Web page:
Now, it seems, allied strikes along with local forces will not accomplish the military defeat of ISIS, but rather defeat will come from dissention within the Islamic State over its ultimate failures to sustain its economy and its people. This presents a very different means, and likely a very different time frame, for defeating ISIS. In Cold War terms, it is more in the nature of Containment of ISIS, until it “ultimately” rots from within, than of a military plan to defeat it outright.

Until then, there will be a terrorist state in the heart of Arabia. We will not “tolerate terrorist safe havens,” President Obama had told the UN. Iraq, he said, “has created a fertile recruiting ground for terrorists who inevitably export this violence.” Such terrorists, he had noted, have “access to technology that allows small groups to do great harm.” This will persist as Containment runs.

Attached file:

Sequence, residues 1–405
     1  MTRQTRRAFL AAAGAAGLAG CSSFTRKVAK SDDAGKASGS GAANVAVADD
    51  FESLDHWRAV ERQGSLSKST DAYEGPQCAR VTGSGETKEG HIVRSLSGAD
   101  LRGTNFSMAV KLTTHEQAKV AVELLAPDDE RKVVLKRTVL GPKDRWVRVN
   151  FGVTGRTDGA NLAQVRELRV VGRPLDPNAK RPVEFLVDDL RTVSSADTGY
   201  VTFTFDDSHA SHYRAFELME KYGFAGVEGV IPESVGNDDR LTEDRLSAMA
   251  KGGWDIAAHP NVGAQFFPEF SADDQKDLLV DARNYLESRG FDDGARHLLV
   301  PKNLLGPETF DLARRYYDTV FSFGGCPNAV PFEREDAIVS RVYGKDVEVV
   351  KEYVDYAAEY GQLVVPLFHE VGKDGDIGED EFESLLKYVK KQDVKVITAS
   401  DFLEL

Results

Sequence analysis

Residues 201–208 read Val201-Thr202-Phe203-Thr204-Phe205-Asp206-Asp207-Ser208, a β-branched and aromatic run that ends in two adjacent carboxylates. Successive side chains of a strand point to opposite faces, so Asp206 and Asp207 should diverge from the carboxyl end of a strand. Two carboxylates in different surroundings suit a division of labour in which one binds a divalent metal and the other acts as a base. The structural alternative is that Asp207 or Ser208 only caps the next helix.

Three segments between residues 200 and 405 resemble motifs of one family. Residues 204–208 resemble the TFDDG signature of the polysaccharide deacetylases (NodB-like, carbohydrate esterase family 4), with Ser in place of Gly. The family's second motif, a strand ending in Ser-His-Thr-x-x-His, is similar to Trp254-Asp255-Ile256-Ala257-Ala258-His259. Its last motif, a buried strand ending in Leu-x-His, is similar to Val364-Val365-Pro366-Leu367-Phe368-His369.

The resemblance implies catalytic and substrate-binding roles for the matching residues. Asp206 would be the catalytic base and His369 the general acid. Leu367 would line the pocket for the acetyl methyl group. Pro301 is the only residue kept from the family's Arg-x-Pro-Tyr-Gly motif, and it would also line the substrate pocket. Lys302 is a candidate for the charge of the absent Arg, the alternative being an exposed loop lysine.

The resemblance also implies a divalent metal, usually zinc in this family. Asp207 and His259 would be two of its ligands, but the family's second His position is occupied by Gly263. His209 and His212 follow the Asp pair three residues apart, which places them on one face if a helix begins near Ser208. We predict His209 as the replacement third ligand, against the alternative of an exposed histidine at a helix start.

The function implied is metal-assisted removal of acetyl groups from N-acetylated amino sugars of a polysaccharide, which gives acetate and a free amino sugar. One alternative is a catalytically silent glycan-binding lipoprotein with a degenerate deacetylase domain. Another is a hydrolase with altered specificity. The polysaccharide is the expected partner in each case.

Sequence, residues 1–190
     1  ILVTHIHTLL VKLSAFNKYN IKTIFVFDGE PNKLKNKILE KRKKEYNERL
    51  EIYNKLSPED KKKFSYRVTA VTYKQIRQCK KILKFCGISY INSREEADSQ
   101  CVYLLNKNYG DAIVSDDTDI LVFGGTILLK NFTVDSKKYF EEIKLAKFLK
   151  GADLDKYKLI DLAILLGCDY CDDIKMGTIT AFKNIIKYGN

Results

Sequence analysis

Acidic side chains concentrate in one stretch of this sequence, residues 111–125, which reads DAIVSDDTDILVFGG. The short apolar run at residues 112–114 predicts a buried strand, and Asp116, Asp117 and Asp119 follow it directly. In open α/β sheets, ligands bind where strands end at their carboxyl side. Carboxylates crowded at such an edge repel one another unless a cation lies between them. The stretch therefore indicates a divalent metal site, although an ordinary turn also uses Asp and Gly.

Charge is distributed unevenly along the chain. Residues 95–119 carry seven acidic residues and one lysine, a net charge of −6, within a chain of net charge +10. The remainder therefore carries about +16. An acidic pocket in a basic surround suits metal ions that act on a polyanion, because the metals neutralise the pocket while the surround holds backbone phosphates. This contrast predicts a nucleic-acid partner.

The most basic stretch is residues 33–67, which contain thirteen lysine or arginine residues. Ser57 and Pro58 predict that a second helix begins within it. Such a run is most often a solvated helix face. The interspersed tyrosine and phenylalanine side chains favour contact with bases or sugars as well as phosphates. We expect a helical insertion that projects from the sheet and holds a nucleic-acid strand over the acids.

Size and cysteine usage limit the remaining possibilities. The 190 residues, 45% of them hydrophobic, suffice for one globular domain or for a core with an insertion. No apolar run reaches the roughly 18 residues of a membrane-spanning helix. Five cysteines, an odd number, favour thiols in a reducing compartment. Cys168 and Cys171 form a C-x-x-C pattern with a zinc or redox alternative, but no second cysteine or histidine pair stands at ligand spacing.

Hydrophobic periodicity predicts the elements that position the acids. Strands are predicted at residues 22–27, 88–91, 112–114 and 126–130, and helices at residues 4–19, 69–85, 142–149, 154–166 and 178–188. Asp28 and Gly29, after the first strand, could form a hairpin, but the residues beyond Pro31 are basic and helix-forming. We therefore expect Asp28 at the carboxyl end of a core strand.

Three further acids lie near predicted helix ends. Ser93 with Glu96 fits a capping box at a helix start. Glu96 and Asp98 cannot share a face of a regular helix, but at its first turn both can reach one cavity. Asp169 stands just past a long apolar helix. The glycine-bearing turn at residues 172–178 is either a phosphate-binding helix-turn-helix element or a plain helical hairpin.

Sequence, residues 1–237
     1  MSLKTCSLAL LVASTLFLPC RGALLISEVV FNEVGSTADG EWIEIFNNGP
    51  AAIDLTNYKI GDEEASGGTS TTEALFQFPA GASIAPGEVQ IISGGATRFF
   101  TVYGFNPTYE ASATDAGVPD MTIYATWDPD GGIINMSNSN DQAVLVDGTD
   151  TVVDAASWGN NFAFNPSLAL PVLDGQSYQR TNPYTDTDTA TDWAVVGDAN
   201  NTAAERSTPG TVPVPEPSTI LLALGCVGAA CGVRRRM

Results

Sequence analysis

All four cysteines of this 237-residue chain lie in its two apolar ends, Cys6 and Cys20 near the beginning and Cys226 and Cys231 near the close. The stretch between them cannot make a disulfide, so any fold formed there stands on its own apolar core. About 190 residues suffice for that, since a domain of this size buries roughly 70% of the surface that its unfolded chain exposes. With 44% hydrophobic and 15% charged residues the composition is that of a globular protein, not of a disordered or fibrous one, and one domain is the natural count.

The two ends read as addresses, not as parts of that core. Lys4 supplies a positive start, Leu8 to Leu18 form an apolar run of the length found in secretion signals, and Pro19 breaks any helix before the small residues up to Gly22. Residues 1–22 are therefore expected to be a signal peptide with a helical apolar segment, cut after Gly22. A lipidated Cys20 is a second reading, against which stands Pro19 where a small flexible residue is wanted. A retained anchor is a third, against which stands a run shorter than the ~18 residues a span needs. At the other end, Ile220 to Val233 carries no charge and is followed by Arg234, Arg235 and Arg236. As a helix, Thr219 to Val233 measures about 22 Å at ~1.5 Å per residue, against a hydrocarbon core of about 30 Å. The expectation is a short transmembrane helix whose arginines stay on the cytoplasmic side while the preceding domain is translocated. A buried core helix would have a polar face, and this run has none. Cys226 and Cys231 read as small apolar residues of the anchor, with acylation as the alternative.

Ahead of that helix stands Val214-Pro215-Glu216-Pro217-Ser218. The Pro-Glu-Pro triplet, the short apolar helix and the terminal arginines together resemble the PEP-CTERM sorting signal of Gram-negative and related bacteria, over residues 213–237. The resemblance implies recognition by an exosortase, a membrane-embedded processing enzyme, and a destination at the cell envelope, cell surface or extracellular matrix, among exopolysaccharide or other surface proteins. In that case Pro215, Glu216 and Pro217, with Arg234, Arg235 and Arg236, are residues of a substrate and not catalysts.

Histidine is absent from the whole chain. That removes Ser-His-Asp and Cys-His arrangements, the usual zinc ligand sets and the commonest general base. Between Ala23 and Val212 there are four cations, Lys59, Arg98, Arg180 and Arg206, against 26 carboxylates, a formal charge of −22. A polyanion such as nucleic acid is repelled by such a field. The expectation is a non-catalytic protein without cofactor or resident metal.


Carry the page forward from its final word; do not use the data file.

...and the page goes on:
How long does President Obama envision Islamic State rule? How long is “ultimately?” How long can states govern in an “unsustainable” way? Obama does not say, but later in his Fareed Zakaria interview he applies the same terms to explain that authoritarian states—Egypt, Saudi Arabia, and absolute monarchies in the Middle East—will be less and less “sustainable” and will “ultimately” not be effective. “Authoritarians to some degree depend on the ignorance of people,” he asserts, which the “internet and social media” challenge. Yet, surely these states promise to last a long time.